Of course, of historic consequence it was, though the Supreme Court may itself have underestimated the decision's sweep. With an eye on Bates and O'Steen's fledgling Arizona practice and with a nod to the need to expand legal access to middle-income Americans, the clinic context--and the justice gap clinics promised to help bridge--infused the Court's opinion. (88) The Court even went so far as to declare that its opinion would only affect that particular market niche: "The only services that lend themselves to advertising are the routine ones," the Court intoned, "the uncontested divorce, the simple adoption, the uncontested personal bankruptcy, [and] the change of name...." (89) Legal clinics, the Court implicitly yet fatefully predicted, would be the providers to advertise-and--the only providers to advertise--in the years ahead.

II. THE POST-BATES WORLD

A. "Legal Clinics Have Come of Age" (90)

For a time, the Court proved prescient. As soon as Bates came down, high-volume, low-cost legal clinics started to open up. In 1976, there were only about a dozen clinics operating in the United States. (91) Within six months of the Court's June 1977 decision, however, that number tripled. (92) Then, by 1979, there were an estimated 200 clinics in existence, not counting branch offices, and more clinics were opening for business almost daily. (93)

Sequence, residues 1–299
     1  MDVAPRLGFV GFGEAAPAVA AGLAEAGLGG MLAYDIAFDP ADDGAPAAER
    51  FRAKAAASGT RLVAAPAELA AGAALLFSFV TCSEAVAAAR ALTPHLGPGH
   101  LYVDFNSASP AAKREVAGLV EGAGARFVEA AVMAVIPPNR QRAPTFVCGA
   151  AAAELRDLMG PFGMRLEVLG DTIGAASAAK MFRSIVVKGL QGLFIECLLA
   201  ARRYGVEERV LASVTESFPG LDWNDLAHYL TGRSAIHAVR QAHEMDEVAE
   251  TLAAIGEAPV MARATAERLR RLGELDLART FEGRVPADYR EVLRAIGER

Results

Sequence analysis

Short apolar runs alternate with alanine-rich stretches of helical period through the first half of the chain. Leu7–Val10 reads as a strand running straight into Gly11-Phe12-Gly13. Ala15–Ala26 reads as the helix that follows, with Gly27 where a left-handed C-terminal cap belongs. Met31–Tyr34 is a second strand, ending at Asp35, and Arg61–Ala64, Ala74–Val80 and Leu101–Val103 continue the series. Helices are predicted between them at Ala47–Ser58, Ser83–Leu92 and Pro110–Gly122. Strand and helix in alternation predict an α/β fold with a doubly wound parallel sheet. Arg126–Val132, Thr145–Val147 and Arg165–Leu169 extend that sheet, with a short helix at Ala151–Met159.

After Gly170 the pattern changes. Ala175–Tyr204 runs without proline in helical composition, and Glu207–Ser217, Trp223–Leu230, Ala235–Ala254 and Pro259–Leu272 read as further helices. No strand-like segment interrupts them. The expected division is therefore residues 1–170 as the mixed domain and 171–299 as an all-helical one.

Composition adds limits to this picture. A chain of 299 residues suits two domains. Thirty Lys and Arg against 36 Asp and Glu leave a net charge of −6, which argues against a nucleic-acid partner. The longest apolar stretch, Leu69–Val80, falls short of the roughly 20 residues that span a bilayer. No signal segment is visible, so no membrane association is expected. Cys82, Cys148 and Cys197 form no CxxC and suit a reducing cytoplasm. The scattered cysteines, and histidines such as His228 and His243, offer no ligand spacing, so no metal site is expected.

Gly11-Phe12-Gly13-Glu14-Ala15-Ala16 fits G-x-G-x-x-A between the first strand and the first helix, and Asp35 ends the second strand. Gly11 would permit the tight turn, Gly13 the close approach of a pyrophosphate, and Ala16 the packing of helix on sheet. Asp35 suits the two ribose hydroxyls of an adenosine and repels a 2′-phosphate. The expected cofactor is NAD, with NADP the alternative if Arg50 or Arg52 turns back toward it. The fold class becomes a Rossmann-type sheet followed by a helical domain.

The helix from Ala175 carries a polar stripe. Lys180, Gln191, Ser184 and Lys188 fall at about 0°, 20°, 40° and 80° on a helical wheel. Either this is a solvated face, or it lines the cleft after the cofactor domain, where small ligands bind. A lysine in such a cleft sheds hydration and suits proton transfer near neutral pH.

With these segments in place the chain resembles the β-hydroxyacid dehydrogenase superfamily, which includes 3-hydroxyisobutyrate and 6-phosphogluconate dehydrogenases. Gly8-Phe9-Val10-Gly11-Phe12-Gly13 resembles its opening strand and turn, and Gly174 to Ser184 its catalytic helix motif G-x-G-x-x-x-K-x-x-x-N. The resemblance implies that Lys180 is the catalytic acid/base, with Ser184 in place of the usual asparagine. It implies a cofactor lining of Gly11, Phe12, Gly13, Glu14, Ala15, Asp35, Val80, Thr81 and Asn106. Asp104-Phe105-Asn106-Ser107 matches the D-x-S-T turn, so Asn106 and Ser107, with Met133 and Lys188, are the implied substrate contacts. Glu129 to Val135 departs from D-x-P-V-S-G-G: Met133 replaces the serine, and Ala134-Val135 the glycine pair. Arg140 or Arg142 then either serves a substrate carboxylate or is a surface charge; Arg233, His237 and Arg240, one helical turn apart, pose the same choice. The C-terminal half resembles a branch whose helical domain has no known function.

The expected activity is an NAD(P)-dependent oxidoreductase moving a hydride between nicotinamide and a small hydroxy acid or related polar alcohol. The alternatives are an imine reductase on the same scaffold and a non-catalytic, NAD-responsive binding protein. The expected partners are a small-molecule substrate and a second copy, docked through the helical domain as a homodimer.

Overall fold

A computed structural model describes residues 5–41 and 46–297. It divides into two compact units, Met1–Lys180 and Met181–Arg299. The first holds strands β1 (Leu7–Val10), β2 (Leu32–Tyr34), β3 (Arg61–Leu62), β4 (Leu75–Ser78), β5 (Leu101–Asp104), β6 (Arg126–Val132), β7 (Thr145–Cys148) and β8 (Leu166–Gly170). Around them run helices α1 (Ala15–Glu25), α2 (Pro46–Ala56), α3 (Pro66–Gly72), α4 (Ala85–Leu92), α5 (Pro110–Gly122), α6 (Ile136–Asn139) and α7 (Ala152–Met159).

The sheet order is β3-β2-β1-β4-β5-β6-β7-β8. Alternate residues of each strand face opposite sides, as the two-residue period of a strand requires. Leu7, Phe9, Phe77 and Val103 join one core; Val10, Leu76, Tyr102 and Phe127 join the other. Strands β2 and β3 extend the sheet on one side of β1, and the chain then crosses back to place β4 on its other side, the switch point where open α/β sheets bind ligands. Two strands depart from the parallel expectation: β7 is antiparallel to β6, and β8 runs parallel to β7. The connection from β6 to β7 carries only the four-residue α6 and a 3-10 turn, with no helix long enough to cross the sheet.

The era's two biggest clinics were Jacoby & Meyers (which, as noted, was founded in California in 1972), and Hyatt Legal Services, founded by Yale Law School graduate Joel Hyatt in 1977, on the heels of the Bates decision. (94) In the late 1970s and early 1980s, both clinics grew rapidly. By 1978, Jacoby & Meyers--ultimately dubbed the "General Motors of clinics"--had opened seventeen branch offices and was serving 30,000 clients per year. (95) The following year, the firm grew bigger, with plans to serve 50,000 individual clients. (96) And by 1983, Jacoby & Meyers had grown larger but had nevertheless been surpassed. Jacoby's chief competitor, Hyatt Legal Services, was, by 1983, serving 15,000 new clients per month. (97) Further, by 1986, Hyatt was the country's second biggest law firm, employing 674 attorneys, operating 200 offices in 21 states, and serving roughly 300,000 clients annually--and discussing plans for further expansion. (98)